Our underrated sports stars

Who is New Zealand’s most underrated athlete? Otago Daily Times sports reporters go in search of the biggest aces up the nation’s sporting sleeve.

Chris Wood

You know you have reached an elite level when you start to get ignored.

Chris Wood recently scored in four consecutive English Premier League games for his Nottingham Forest club, and it received less attention in this funny little country at the bottom of the globe than a women’s rugby haka.

How odd that Kiwi sports fans have become so used to Wood scoring in the world’s most popular competition that they forget this is an incredibly unusual occurrence.

Six New Zealanders - yes, just six, in 33 years - have played in the Premier League. Wood leads the way with 222 appearances, followed by Ryan Nelsen (198), Winston Reid (166), Simon Elliott (12), Danny Hay (four) and Lee Norfolk (three).

A mere three Kiwis appear on the Premier League scoring charts. Wood is our best with 67 goals. Nelsen is second - he scored nine - and Reid is third with six goals.

Wood’s 67 goals have him at No 73 on the all time Premier League scoring charts. He is ahead of Anthony Martial, David Beckham, Gianfanco Zola, Tim Cahill and Gareth Bale - perhaps you have heard of them.

Put simply, Wood is on another planet to fellow New Zealand footballers in the modern era.

He is an established, quality Premier League starting striker, and perhaps we will not appreciate that until he is gone.

Wood also has 34 goals in 74 games for an All Whites team that never really seems to score.

Is he our greatest footballer? Better than Wynton Rufer?

That is a debate for another day. There is absolutely no doubt in my mind he is the most underrated athlete in New Zealand sport.

Hayden Meikle


Matt Henry

How many times has Matt Henry carried the drinks?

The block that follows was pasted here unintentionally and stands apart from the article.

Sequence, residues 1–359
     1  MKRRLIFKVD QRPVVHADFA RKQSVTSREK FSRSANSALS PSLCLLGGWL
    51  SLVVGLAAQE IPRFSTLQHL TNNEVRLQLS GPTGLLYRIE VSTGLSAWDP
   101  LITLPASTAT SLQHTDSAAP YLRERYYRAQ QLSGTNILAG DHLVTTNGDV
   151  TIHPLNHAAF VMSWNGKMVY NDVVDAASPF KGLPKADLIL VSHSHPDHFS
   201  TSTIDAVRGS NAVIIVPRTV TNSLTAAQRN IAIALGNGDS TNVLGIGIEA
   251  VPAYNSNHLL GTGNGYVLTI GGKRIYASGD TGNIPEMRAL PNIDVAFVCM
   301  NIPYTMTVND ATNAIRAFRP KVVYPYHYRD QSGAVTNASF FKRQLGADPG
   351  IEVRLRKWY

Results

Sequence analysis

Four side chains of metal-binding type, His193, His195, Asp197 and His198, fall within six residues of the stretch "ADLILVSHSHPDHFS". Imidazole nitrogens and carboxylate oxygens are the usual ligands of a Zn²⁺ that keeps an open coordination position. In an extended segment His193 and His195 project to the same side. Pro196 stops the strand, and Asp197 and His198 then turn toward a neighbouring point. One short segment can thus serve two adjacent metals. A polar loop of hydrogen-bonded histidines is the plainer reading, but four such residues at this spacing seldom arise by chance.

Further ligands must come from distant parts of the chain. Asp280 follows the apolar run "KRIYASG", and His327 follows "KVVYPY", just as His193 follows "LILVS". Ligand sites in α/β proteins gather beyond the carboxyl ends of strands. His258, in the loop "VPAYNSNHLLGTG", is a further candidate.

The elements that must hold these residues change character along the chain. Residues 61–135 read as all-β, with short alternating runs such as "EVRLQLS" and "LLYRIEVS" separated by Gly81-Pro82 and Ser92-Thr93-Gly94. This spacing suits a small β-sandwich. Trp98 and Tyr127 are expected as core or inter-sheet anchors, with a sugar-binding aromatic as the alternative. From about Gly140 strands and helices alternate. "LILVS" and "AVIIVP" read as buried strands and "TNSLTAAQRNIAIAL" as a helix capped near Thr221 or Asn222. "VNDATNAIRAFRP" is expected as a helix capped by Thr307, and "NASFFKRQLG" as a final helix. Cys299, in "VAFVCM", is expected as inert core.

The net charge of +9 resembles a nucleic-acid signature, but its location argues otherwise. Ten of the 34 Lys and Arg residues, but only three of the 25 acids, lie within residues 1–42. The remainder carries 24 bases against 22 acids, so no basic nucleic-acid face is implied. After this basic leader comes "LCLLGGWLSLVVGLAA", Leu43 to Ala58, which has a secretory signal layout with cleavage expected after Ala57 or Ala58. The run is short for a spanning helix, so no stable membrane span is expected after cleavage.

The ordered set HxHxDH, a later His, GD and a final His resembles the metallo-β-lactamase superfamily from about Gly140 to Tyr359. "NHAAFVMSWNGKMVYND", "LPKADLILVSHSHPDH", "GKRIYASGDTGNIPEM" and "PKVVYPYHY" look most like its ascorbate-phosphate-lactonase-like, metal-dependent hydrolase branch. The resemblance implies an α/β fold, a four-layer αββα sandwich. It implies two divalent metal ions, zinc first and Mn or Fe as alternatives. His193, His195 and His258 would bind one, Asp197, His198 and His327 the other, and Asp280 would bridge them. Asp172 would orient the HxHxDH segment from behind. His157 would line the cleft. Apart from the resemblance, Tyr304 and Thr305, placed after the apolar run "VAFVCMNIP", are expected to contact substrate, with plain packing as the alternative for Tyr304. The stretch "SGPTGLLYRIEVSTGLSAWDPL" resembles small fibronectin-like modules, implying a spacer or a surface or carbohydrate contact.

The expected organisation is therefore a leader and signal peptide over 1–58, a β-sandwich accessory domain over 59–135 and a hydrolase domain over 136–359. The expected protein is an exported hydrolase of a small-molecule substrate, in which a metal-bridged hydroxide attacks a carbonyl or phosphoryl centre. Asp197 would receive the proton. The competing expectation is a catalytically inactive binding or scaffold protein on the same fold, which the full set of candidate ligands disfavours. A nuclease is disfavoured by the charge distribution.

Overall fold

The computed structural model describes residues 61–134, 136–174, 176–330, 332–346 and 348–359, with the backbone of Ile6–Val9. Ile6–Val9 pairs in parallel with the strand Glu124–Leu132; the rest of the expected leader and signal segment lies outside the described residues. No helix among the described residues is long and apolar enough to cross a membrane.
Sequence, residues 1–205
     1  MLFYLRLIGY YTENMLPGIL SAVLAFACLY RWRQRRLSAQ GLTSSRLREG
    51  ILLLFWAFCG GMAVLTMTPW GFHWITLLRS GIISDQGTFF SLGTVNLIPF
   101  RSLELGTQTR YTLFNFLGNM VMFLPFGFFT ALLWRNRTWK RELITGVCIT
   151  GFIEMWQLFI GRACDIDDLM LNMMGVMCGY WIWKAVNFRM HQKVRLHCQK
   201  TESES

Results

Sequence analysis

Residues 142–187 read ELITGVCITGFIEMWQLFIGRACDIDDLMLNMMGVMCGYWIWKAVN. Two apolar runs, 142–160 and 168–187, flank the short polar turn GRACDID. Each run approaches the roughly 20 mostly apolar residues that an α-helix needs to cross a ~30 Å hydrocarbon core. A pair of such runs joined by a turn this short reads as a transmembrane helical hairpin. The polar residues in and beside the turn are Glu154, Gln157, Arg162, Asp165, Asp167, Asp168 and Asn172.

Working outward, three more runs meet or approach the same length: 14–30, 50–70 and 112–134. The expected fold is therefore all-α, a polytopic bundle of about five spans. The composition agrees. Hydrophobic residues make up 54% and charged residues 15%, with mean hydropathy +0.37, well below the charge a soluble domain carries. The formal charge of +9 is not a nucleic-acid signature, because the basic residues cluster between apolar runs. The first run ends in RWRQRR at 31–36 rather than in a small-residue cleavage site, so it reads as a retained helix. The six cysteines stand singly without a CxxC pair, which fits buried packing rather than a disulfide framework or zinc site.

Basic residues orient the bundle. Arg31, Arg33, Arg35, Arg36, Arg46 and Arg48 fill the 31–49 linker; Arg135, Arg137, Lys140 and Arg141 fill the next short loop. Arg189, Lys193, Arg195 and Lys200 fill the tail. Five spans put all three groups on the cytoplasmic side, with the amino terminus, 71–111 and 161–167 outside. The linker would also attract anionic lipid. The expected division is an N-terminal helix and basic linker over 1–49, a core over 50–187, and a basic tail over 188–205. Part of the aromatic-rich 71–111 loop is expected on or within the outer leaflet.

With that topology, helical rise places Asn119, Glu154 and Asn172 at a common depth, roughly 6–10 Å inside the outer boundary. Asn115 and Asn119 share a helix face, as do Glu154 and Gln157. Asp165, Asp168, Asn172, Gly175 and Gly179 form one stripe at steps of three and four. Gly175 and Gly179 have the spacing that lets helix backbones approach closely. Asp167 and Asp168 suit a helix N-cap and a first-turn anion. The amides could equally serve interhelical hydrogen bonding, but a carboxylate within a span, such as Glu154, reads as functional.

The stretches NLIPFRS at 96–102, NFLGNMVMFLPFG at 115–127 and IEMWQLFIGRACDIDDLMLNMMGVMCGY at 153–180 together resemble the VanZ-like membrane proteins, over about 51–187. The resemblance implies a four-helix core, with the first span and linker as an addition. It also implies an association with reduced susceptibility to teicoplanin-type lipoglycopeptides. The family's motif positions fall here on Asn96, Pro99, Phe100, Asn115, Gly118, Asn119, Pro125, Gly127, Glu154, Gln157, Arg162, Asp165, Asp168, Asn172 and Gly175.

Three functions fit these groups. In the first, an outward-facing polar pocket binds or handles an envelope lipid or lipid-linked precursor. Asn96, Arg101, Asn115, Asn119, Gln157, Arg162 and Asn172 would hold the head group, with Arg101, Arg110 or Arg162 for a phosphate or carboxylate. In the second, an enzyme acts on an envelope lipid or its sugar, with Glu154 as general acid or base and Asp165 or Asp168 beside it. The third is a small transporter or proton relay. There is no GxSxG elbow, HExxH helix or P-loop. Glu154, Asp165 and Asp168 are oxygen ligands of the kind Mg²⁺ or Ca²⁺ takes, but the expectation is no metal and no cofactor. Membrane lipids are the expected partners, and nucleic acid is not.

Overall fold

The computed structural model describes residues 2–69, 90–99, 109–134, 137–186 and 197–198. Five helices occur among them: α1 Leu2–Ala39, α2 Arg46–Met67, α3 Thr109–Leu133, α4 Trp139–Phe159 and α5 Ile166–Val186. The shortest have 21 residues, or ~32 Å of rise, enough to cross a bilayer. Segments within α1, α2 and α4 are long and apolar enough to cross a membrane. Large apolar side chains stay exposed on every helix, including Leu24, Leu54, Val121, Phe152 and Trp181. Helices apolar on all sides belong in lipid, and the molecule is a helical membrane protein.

There was always someone ahead of Mr Patient.

But then: Trent Boult deserted us for the lucrative domestic T20 circuit. Tim Southee slipped past his use-by date. Kyle Jamieson broke down ... again. And Neil Wagner was nudged into retirement.

Henry is king now.

To be fair, the Canterbury right-armer has been one of our best bowlers for a few years.

It just took him a while to find his feet at test level.

He made his debut at Lord’s in 2015, but he played just 13 tests in six years, and his bowling average edged past 50 in 2021.

It was a record worthy of his underrated tag.

Henry was a demon at domestic level, so a breakthrough was expected. And it came against South Africa at Hagley Oval in 2022. He nabbed seven for 23.

A couple of years earlier, Henry was instrumental in the Black Caps’ run at the 2019 World Cup. He grabbed 14 wickets, including three for 37 in the semifinal against India.

But the 32-year-old’s crowing achievement was his most recent effort. In the two-test series against Australia in New Zealand in February and March, he claimed 17 wickets and was named player of the series - this, mind, despite Australia sweeping to a 2-0 victory.

Henry has clawed his way to No 12 in the ICC test bowling rankings. But he is one behind professional rehabber Jamieson and three behind the 90-year-old James Anderson. That sounds like he’s still underrated to me.

Adrian Seconi


Zoe Hobbs

How many of us truly appreciate the greatness that is Zoe Hobbs?

There is something to be said for how many of our Olympic athletes - who, in fairness, spend the majority of their time overseas and seldom get to compete on home soil - slip through the cracks in non-pinnacle event years.

But there is something special about Hobbs, and it is time for people to wake up and take note of the sprint sensation.

The 26-year-old sprinter has been a revelation in the past couple of years on the track, and is about to break the mould again as the first Kiwi female sprinter to compete at the Olympics in 48 years.

One day after the qualification period opened for Paris, Hobbs ticked that box and booked her ticket after running a sizzling time at ResiSprint, in Switzerland, on July 1 to go under the required time by 0.11sec and again lower her national record.

That time was 10.96sec - just 0.47sec off the world record set by Florence Griffith-Joyner. Let that sink in for a minute.

Every 100m sprinter fights to get under the 11sec mark, and the fact Hobbs has broken national and Oceania records, more than once, by going under that mark confirms her status as one of our greats.

Keep in mind Hobbs has technically gone faster than that after a sizzling 10.89sec at the national championships in 2023, but it was ruled out due to the wind.

Her speed transfers across distances, too. She was just 0.01sec off bronze in the women’s 60m at the world indoor championships earlier this year.

And yet still she fails to get the recognition she deserves.

Wake up. Hobbs is the one to watch in Paris.

- Kayla Hodge